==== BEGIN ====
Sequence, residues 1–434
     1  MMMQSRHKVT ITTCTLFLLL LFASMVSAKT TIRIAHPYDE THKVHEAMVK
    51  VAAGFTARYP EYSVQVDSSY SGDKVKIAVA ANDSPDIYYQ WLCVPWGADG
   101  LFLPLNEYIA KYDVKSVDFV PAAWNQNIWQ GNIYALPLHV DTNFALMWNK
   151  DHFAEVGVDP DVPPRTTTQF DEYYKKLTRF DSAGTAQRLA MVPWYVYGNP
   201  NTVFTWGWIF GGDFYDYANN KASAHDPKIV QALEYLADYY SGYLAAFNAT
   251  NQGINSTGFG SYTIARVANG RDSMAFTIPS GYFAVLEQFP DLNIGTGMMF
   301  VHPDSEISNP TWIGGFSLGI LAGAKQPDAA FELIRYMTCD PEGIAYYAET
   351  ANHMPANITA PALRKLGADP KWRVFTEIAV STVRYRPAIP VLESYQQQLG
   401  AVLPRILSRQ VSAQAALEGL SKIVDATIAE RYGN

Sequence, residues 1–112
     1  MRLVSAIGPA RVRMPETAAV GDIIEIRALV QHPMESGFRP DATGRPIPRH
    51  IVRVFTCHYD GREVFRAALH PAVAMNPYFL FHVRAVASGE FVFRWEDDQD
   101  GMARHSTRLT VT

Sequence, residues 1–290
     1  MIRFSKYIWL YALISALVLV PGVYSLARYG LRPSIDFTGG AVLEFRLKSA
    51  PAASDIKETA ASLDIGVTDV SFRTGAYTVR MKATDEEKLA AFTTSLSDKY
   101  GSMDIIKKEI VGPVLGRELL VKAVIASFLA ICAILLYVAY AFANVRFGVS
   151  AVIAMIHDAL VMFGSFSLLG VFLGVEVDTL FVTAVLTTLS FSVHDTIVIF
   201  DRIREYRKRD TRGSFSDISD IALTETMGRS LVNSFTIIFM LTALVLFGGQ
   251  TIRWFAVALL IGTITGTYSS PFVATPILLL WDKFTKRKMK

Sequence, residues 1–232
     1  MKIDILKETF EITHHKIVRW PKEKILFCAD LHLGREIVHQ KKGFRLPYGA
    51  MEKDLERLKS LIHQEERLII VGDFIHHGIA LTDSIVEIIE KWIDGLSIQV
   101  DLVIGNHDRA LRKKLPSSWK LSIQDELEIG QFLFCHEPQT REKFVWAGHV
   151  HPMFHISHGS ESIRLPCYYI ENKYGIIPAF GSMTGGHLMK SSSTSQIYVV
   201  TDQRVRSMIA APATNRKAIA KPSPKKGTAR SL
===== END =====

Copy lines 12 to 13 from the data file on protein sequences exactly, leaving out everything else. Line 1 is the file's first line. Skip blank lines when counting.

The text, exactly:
     1  MRLVSAIGPA RVRMPETAAV GDIIEIRALV QHPMESGFRP DATGRPIPRH
    51  IVRVFTCHYD GREVFRAALH PAVAMNPYFL FHVRAVASGE FVFRWEDDQD